I’m a sucker for a good sappy movie. Not the chick-flick kind where Hugh Grant plays some poor sot whose girlfriend dumped him and then comes running back. No, the kinds of movies I fall for are the ones that tug at the familial heartstrings. For instance, the movie Jerry McGuire always brings me to tears at the end. I know it’s the butt of many “you complete me” jokes, but there were some really great performances in that movie, once you quite seeing Tom Cruise jumping up and down on Oprah’s couch in the back of your head.
Another one that I am a sucker for, is “The Family Man,” with Nicolas Cage and Téa Leoni. If you haven’t seen it (and shame on you), it’s about a successful financial whiz (Cage) who is given a “glimpse” of what life could have been like had he not moved to Europe and become a wealthy banker, and instead stayed home and married his college sweetheart (Leoni). In this glimpse, he lives in a typical suburban rancher with his two kids. He’s a moderately successful tire company executive and his wife is a pro-bono lawyer. By the end of the movie, he’s acclimated to his new life and when it comes time for him to resume his old life as a wealthy playboy, he doesn’t want to go back. Back in his real life, he meets Leoni at the airport and convinces her to stay and talk to him about “what might have been” and they spend the night in the hotel coffee shop reminiscing and catching up.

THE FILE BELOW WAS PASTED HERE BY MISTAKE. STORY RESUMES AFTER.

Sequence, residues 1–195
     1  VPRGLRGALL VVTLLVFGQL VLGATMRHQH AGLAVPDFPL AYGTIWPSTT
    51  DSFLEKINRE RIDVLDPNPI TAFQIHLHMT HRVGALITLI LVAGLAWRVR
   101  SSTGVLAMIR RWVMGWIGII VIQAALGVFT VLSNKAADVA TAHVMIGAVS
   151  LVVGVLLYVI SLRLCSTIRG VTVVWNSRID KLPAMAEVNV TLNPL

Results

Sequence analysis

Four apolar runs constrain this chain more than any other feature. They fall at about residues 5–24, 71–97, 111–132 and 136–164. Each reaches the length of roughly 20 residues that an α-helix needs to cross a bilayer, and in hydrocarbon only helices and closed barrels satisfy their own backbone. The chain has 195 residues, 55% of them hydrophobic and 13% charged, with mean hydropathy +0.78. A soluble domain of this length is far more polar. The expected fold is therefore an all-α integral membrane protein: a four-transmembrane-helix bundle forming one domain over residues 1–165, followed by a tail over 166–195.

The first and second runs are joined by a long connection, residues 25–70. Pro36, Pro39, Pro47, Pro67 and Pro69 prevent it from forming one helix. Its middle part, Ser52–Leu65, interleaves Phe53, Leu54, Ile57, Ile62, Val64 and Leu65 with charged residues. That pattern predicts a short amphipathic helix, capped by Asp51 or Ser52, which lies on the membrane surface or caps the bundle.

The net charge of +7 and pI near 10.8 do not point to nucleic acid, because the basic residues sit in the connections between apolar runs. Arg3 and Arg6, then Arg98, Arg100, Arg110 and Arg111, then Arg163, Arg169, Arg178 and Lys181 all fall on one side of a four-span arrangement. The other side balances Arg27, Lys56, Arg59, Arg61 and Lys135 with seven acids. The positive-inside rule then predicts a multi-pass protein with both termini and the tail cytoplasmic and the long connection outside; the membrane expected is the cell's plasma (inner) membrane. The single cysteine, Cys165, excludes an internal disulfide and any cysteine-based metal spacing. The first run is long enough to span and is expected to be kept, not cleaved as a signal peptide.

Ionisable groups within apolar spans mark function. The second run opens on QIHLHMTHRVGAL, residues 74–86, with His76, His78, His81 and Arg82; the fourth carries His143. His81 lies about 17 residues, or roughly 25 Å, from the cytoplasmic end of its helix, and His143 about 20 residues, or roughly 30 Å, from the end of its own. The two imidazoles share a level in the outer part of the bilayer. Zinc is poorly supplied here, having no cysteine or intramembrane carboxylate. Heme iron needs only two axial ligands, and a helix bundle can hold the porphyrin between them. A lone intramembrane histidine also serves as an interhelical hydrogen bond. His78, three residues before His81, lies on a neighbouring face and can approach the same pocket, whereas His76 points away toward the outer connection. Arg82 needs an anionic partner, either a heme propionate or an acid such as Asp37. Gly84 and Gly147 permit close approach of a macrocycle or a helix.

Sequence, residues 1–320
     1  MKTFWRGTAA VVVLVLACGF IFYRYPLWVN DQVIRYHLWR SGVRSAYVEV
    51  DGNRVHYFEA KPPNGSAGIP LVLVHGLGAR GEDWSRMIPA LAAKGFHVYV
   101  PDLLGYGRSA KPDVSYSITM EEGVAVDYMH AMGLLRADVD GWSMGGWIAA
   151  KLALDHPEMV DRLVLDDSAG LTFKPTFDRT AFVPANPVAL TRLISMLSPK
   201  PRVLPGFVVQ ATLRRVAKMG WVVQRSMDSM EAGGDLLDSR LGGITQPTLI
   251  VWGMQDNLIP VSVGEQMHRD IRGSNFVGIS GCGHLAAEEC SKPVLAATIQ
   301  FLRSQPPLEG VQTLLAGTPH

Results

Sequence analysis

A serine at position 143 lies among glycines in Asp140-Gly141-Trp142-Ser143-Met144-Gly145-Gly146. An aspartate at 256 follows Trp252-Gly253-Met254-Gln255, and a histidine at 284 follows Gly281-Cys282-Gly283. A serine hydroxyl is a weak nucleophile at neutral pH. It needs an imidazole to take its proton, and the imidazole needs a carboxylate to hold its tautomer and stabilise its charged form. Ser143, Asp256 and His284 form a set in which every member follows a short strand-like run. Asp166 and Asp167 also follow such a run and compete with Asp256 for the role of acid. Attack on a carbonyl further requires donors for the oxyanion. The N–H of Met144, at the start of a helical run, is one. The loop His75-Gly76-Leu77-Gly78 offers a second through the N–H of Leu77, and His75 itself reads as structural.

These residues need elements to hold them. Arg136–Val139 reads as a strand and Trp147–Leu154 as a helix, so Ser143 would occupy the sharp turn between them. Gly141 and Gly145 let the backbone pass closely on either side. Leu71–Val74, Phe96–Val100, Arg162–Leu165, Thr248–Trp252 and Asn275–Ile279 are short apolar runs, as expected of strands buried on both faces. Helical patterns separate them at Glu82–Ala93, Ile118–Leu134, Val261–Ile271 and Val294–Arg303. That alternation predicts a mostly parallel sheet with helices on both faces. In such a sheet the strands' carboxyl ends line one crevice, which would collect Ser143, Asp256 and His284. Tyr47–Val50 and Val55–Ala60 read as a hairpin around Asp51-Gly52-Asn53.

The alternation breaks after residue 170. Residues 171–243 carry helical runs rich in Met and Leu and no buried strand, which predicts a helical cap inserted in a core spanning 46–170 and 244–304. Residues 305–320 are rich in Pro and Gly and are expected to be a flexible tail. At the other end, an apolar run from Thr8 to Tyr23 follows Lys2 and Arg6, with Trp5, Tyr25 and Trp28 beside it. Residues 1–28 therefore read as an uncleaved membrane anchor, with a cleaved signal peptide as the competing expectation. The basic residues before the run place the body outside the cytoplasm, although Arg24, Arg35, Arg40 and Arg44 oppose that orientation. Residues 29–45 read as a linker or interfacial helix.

The obvious point here is that we never know what life would be like had we made different choices. And I’ll be the first to admit that I’ve made a lot of choices in my life that have dramatically affected the way it’s turned out. For one, I joined the military instead of going to college first, no doubt changing the direction of my career. Another big decision of mine was leaving a girl I was engaged to (OK, she actually broke off the engagement first, but we kept seeing each other until I finally walked away). And of course the big one all of us married couples made, is the decision to get married. In this regard, I’ve often wondered about the big “what if.”
What if I’d never gotten married? What if I didn’t have these children that I complain about so much? This is where the movie “The Family Man” comes in. In it I see the possibilities of my life. Not that I would be even remotely as successful as Cage is in the movie, but I wonder where I would be and more importantly, if I’d be happy.
But then even as I watch it, I remember CareerMom and my first date. I remember how much I couldn’t wait to see her again. I remember the times that I’ve been sick or in the hospital and she’s been there to take care of me when none of my family could be bothered. Then I remember our children. I remember how, just when I didn’t think I could take any more crying or dirty diapers, my son looked up at me and smiled and snuggled his head against my chest. I remember how when he fell down the stairs under my watchful eye, I moved faster than any human could possibly move under his own power (actually beating him down the stairs), catching him just as his head would have hit the wood floor and I remember how, panicked, I held and rocked him until he stopped crying.
I remember all of these things and I realize that this is my glimpse. My real life is the life I used to dream of before I had it. Sure, I didn’t have a few of the facts down, like the lack of sleep or how my free time would suffer, but overall it’s just as I dreamt it.
And I wouldn’t trade it for all the Quan in the world.